VOICES: Divisive concepts cannot be legislated away

Stanley Hirtle (CONTRIBUTED)

caption arrowCaption
Stanley Hirtle (CONTRIBUTED)

The Ohio legislature should reject bills HB 322 and 327 prohibiting teaching about “divisive” racial concepts. These bills have no legitimate legislative purpose, and seem solely designed to stoke America’s culture wars concerning race and educational experience, exploiting peoples’ concern for their children for political gain. If enacted, they will empower attacks on school systems and other government entities, deter honest and frank discussions of our society and history, prevent young people from learning about our real history and promote denial about and continuation of inequality and prejudice in our society and state.

These bills are pushback against various developments concerning our racial disparities in abusive policing, healthcare, education, employment, incarceration and other areas, as well as whether whites have privileges resulting from these and should feel discomfort about them. In fact America’s history includes enslavement of African Americans, Jim Crows new and old, and resulting inequalities that we must repair if America is to live up to its promise. While today we honor Martin Luther King for his efforts to bring America’s principles of equal human worth to reality, in his time he was reviled and eventually killed for his efforts. These bills come from the same spirit.

While the term “critical race theory” does not appear in the bills, many of what are called “prohibited” or “divisive concepts” are part of a public campaign to attach various unpopular ideas and associations to the term “critical race theory” and politicized views of what this term, which is found mostly in law schools and graduate courses, actually means. These include such issues as racial stereotyping, racial scapegoating, whether America and its history are and have been inherently racist, and whether people today are responsible for remedying their group’s past actions.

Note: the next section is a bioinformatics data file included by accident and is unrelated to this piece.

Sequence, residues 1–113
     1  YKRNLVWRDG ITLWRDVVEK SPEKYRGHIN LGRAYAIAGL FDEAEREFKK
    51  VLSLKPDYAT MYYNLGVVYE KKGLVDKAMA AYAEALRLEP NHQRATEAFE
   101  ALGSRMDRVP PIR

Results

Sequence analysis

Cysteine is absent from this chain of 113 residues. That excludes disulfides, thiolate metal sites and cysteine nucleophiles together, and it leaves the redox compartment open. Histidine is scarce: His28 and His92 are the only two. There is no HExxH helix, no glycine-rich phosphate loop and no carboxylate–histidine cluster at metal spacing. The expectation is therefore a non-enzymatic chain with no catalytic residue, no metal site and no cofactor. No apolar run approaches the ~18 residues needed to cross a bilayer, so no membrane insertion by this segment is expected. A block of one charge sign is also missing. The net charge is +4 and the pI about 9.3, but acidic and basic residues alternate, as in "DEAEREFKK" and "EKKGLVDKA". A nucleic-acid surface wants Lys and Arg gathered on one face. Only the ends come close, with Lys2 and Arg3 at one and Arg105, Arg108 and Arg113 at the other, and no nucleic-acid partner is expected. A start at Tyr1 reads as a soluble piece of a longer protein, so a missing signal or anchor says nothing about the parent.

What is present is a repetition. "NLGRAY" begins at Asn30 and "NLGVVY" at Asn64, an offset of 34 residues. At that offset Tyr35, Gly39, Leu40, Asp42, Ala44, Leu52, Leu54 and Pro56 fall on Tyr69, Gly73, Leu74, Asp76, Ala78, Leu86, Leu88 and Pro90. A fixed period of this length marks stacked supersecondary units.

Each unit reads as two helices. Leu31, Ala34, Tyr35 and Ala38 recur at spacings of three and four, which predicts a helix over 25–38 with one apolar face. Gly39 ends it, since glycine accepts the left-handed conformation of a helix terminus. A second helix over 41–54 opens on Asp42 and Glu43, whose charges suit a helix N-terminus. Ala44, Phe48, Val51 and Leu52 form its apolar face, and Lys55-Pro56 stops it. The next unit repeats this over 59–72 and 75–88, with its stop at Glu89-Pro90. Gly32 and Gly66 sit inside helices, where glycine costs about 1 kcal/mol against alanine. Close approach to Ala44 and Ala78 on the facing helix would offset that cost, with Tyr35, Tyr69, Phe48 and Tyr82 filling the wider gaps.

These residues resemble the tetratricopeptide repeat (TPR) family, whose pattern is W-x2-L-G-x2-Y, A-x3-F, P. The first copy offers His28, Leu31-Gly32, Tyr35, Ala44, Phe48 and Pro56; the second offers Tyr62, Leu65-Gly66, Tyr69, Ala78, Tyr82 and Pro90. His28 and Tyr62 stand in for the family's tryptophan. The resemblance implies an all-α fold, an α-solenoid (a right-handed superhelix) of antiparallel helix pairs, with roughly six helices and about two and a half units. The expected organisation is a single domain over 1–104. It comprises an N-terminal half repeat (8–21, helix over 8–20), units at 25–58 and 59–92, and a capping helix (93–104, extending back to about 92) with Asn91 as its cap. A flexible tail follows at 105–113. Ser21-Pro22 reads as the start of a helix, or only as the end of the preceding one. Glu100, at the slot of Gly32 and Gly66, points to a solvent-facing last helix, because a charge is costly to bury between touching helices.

ExploreHow Dayton-area schools teach about race — or not

For the legislature to wade into a debate in a heavy-handed manner — at best, to micromanage what goes on in classrooms and, at worst, to put the power of law behind one side of a divisive issue and thereby delegitimize those who may have good reason to disagree — is not how America is supposed to operate.

These unfocussed bills contain exceptions that create ambiguities as to what the actual results would be. Enacting them would encourage lawsuits, campaigns to defund school systems and agencies, and local conflicts about what can only be subjective evaluations of which side of the division the presentation is on. The result will be to discourage the objective discussion of the situation from which all sides can learn and, as importantly, learn how to deal with each other concerning them. The bills say they want to encourage objective discussions, yet their language clearly would have the effect of deterring them

Divisive concepts are very much a part of our society and can not be legislated away. At best, people can be encouraged to understand the other side to things they believe in, understand the differences and what might be done differently, and talk civilly to each other to get the best results. At worst, people are encouraged to be outraged, fight with their neighbors and attribute the worst aspects and motives to those who disagree with them. The purpose of these bills is to encourage the latter. This is particularly egregious given the times and the issues school boards and other government agencies face due to COVID. The last thing school systems and other government agencies need is to spend resources on these sorts of fights.

HB 327 is the worse bill because it is more far-reaching, applies broadly to all sorts of government activities and provides more weapons to those who feel themselves disagreed with or disrespected. Ultimately, the legislature is weighing in on issues that need to be discussed honestly in a culture where people frequently do not do so. These bills only make that worse. The legislature should reject them both.

Stanley Hirtle is a retired senior attorney for Advocates for Basic Legal Equality (ABLE) in Dayton.

About the Author